Power output question

Discussion in 'AV Receivers' started by Jeff_A_G, Feb 9, 2005.

  1. Jeff_A_G

    Jeff_A_G Stunt Coordinator

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    What is the difference in real power out put between something like a $300 HK that claims 40w per channel and a $300 Denon that claims 100W per channel?
     
  2. John S

    John S Producer

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    1 to 2 channels driven continuously, closer to their ratings, all channels driven continuously probably 20 to 30 watts at most.

    Do not get to hung up on this one, because HT really doesn't even come close to driving all channels continuously, so in reality you end up getting very close to published results while running DD/DTS on any given system.
     
  3. John Garcia

    John Garcia Executive Producer

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    H/K tends to be realistic about its ratings, so when they say 40W, the MEAN 40W, without question. [​IMG]

    Make sure you look for the "fine print" for any receiver that says 100W - if it is rated at 1Khz only, that is an indicator to me that it won't deliver it's claimed power when fed a full range signal.

    As John notes, the "claimed" power is often the 2ch rating, not with all channels driven.
     
  4. Jeff_A_G

    Jeff_A_G Stunt Coordinator

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    a lot of the 6.1 receivers claim like 100w x 6. The HK claims 40w x 6. I'm assuming its just more of a realistic power claim? I'll start paying more attention to the signal range too. Thanks for the help on this one. Also, on a denon that claims 110w x 6, what would it actually put out? Would it be around the 40w of the HK or less?
     
  5. Shiu

    Shiu Second Unit

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    HK "claims" their power output conservatively. That does not mean their 40W X 6 equals 100W X 6. Many brands, including Denon, "claims" their power output more aggressively. That does not mean their 110 W X 6 actually gives you only 40 W X 6.

    If you believe in AV magazines such as the S&V and H.T mag., read their lab measurements yourself. If you don't believe them, then you may have to listen for yourself and do your own power output verification tests. Regarding the 1 kHz vs 20 to 20KHz power, the difference is typically not great. The 20 to 20,000 Hz output may be 10 to 15% lower.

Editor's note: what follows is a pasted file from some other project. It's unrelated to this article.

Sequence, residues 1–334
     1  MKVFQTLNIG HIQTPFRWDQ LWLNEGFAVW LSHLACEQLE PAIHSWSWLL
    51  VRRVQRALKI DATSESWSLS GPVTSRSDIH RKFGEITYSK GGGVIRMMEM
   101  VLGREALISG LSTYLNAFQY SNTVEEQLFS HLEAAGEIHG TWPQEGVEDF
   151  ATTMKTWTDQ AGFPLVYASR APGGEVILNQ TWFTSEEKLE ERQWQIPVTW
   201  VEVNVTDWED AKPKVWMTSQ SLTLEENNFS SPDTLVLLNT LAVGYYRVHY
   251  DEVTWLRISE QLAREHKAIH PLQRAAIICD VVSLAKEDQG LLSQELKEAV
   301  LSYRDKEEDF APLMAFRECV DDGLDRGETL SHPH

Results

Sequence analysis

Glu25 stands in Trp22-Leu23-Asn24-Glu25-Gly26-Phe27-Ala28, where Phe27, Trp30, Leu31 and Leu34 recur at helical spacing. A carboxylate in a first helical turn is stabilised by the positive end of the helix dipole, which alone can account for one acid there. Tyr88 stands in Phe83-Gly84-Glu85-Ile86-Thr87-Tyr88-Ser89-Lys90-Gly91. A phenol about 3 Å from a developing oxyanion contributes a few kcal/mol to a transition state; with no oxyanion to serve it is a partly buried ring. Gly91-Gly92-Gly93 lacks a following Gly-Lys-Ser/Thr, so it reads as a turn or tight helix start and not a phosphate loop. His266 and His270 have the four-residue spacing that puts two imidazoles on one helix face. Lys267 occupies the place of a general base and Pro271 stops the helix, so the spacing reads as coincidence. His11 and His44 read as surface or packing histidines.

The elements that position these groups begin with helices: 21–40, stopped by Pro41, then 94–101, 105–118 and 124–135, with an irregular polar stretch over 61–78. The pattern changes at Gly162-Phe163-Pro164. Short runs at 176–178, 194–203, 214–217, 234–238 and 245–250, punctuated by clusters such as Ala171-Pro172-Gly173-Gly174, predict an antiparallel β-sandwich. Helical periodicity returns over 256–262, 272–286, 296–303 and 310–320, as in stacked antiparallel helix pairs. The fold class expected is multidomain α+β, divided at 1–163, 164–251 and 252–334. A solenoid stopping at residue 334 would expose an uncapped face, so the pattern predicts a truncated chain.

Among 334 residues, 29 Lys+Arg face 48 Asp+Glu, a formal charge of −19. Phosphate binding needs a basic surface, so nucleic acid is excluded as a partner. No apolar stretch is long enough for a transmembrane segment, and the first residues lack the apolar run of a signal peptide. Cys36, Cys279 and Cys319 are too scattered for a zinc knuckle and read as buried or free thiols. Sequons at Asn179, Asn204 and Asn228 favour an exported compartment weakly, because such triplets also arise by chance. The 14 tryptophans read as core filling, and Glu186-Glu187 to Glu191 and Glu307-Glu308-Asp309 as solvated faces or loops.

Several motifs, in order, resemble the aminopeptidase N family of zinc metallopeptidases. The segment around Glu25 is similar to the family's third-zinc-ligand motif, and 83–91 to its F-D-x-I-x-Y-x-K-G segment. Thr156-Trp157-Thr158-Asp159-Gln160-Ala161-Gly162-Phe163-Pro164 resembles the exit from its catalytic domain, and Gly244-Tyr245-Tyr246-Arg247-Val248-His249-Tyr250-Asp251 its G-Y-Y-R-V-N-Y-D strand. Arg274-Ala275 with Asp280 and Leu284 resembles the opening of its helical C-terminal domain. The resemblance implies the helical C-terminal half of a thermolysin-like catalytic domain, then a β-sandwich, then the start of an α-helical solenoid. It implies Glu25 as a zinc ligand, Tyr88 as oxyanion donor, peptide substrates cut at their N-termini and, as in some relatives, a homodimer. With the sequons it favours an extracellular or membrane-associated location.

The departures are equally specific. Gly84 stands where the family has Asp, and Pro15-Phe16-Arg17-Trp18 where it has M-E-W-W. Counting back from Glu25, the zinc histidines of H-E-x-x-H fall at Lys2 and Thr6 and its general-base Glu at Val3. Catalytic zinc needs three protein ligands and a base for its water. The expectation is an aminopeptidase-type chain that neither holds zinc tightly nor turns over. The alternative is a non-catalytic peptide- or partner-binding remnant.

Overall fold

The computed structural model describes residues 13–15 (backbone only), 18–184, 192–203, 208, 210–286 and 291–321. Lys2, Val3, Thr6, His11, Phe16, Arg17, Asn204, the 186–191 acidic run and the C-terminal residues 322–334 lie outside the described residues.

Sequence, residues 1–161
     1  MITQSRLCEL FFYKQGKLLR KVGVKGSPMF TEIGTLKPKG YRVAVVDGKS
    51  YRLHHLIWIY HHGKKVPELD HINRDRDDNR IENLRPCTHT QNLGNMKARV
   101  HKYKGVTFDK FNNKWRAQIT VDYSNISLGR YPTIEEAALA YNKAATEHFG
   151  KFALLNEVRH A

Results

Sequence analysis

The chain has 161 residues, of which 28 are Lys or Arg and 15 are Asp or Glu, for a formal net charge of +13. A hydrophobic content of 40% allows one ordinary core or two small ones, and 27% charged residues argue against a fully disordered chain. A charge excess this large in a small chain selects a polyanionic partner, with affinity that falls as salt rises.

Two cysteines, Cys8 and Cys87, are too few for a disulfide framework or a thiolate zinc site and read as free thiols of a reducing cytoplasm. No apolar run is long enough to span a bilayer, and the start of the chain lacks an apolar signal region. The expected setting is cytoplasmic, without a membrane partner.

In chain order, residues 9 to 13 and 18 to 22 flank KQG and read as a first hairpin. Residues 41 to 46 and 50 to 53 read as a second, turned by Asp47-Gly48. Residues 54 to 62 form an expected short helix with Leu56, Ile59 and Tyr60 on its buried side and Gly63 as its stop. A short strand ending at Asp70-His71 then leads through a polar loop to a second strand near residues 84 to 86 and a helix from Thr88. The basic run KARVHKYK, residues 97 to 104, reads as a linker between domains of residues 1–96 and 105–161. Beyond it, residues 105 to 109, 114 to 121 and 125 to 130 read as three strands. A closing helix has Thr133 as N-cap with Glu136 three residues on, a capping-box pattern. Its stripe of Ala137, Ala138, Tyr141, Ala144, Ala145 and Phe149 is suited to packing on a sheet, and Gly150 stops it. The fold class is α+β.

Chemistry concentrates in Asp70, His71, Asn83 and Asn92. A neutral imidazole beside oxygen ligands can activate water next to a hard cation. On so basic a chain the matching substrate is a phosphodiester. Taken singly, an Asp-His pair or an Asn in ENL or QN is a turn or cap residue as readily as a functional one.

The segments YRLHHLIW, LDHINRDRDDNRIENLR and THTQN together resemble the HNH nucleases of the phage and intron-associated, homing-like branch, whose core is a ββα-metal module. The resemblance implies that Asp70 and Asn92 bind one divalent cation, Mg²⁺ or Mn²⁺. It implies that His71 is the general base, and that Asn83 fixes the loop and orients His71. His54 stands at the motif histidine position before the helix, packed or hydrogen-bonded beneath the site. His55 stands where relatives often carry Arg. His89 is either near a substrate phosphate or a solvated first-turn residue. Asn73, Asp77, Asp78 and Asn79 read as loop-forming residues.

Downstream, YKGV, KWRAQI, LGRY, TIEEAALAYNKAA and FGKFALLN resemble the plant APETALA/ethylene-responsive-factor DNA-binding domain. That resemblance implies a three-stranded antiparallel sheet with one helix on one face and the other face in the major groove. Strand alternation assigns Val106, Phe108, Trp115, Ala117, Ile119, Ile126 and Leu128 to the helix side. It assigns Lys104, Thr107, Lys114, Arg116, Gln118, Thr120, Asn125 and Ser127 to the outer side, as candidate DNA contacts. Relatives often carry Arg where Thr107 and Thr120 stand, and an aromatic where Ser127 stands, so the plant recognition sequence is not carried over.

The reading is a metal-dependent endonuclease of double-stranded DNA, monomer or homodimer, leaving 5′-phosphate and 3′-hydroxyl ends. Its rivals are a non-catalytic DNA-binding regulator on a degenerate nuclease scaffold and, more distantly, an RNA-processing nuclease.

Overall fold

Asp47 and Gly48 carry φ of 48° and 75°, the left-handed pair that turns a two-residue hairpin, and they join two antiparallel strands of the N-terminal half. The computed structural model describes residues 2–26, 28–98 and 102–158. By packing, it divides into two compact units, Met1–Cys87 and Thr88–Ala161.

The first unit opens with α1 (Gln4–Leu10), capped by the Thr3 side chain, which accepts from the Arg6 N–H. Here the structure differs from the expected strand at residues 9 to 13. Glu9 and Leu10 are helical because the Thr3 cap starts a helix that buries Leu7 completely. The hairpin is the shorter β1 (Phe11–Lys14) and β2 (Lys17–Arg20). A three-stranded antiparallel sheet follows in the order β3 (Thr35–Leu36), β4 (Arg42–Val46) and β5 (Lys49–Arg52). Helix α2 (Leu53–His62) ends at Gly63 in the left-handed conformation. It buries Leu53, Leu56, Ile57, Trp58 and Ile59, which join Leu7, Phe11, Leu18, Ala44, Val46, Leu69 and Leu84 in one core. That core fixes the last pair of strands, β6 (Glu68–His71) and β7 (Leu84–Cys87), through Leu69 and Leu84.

6. Alan Wise

    Alan Wise Stunt Coordinator

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    To me, receiver manufacturers power ratings are similar to what the automobile manufacturers do. It is mostly advertising hype. The mine is bigger, better, more powerful, etc..., than yours is game. What really counts is what is the power to the rear wheels. You know, after all parasitic (spelling?) losses are taken into acount. In the receiver world, it is what actually makes it to the speakers. I look at the magazine, or Secrets, tests as the receiver version of Car Craft, or Hot Rod Magazines 1/4 mile tests. A true "run what you brung, and hope that you brung enough" test is my favorite.

    Al. Wise
     
  7. John Garcia

    John Garcia Executive Producer

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    That would be nice, but the vast majority of cars out there are front wheel drive. [​IMG] How much power is getting to the ground is maybe a more clear statement, and that figure means a lot more to me than what the motor is rated for. I much prefer RWD cars.

    With recivers, the "run what you brung" sums it up pretty well. If you hook it up to a decent speaker and give it a listen at various volumes, the true nature of how much power is actually present is clear.
     

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